For some, having to get an MRI can be a terrifying experience, but a hospital in North Adams, Massachusetts is trying to ease the process.
Just the sounds of an MRI unit scanning can be jarring, let alone being stuck in a tunnel for what seems like hours. With the hope of making the experience less nerve-wracking, North Adams Regional Hospital now houses the area’s only large bore magnetic resonance imaging unit. Lisa Harrison oversees the MRI department. She says bariatric patients typically have had to travel to Albany or Springfield to find a unit that could accommodate their size.
“The table limit on a normal MRI is about 300 pounds,” Harrison said. “This unit can accommodate a 550lb patient. It’s a 70-centimeter bore magnet so we have more space for the patient.”
Before bringing the equipment in, the hospital relied on an MRI unit inside the bed of a truck.
“It was pulled up to a ramp outside the building,” Harrison explained. “We could still bring wheelchair and stretcher patients out onto the truck without bringing them outside. It was a good solution at the time, but as technology has grown we wanted to offer our patients more. The truck was a very small area to work in so it wasn’t a good place to bring a claustrophobic patient or a large patient.”
Barbara Aaron spent about 25 minutes in the 70-centimeter wide unit, but wasn’t exactly jumping to get inside.
“That was one of my biggest worries in life, having to have an MRI,” Aaron said with a relieving chuckle. “I’m extremely claustrophobic and that was nothing. It was nothing. I mean I was scared for the whole time they told me I had to have one. Now I wouldn’t mind having one ever.”
The room the unit sits in is also designed to provide a calming experience. Large windows allow for a look outside and lighted ceiling panels depict blue skies. When I climbed in, my first time in an MRI unit, I nearly dozed off to rock classic “Magic Carpet Ride.” Aaron speaks of a similar experience.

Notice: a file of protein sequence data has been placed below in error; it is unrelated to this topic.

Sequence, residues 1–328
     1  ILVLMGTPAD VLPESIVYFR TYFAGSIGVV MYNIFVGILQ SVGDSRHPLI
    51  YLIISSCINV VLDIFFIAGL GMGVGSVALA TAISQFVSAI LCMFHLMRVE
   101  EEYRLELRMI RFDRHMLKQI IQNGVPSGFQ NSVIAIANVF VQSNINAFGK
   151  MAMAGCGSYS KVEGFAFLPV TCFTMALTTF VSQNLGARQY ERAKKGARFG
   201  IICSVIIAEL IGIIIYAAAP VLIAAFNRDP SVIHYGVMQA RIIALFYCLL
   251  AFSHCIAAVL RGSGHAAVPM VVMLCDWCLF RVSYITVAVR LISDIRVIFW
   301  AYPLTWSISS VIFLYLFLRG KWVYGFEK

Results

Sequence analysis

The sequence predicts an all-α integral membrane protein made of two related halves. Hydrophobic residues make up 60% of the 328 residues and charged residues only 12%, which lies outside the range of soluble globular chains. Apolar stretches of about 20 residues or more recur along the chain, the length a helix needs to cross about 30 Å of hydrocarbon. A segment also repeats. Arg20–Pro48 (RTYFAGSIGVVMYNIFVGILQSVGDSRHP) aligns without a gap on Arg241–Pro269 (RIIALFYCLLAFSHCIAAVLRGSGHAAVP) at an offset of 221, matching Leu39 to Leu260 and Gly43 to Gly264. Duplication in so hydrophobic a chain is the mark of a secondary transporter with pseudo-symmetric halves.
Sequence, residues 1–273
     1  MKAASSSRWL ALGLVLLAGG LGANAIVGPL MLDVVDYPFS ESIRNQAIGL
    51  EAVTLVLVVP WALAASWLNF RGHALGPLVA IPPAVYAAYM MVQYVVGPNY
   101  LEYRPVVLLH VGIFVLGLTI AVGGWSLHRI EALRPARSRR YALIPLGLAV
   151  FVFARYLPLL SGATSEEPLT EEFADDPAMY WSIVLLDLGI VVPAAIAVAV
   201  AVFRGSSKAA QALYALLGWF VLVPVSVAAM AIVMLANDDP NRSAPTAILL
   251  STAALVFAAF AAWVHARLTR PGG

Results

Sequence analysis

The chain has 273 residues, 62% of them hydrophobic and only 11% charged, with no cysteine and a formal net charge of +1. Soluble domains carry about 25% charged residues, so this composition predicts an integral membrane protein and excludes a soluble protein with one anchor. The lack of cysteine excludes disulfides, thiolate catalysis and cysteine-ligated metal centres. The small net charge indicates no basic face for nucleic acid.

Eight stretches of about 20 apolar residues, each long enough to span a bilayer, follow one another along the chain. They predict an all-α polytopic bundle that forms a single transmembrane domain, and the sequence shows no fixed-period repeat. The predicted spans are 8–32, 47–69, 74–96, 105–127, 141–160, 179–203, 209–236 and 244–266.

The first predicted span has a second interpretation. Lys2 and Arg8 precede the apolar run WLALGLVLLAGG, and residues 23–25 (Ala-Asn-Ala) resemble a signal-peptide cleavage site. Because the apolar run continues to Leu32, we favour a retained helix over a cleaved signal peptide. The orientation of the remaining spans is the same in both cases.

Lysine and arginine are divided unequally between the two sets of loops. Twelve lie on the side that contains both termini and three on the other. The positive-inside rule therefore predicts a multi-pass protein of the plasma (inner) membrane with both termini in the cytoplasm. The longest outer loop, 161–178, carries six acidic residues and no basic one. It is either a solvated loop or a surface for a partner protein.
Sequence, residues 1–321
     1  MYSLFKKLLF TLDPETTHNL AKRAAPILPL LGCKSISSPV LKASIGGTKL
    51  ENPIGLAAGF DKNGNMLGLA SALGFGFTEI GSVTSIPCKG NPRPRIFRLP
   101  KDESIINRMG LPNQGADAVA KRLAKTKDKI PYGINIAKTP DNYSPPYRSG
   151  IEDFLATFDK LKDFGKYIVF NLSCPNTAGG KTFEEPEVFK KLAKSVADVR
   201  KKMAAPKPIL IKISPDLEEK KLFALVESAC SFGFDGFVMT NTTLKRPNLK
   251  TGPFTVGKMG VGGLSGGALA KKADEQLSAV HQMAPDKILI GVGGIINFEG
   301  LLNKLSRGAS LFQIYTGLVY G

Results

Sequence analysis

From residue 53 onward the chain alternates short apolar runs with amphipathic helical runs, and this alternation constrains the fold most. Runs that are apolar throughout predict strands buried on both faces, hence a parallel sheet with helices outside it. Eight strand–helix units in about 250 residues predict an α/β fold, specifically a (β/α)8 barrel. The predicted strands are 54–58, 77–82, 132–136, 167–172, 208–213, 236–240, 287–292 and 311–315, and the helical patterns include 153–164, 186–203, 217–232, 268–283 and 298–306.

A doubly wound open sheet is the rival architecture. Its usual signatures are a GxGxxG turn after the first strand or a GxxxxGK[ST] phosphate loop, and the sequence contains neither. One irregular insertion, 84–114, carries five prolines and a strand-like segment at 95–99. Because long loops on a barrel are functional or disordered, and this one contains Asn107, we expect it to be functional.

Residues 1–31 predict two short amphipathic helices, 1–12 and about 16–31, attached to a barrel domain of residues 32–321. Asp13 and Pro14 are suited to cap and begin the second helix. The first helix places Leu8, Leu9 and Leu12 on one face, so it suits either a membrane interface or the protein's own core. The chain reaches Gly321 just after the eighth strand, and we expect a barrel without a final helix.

“I closed my eyes,” she said. “I had the head phones on and I just relaxed.”
The process to bring the unit in took about a year, and as Harrison explains, required plenty of prep work.
“With an MRI you can’t just place it in a standard room,” Harrison said. “There is a magnetic field and radio waves that work together to create the image, so the room had to be built so there was no interference with either the radio waves or the magnetic field. The whole room is covered in galvanized steel. Under the magnet itself is copper and this acts as shielding for sounds coming into building that could interfere with the radio waves.”
The roughly $1 million magnet weighs over a ton and is very powerful.
“We had to make the MRI magnet itself friendly to the environment around it,” Harrison explained. “We have trucks going by and cars parked outside the MRI building, so the magnet had to be shimmed to recognize these metal objects around it and not have interference with the magnetic field that creates the images.”
On average, the hospital runs 10 to 14 scans a day and is already seeing an increase since the new unit arrived.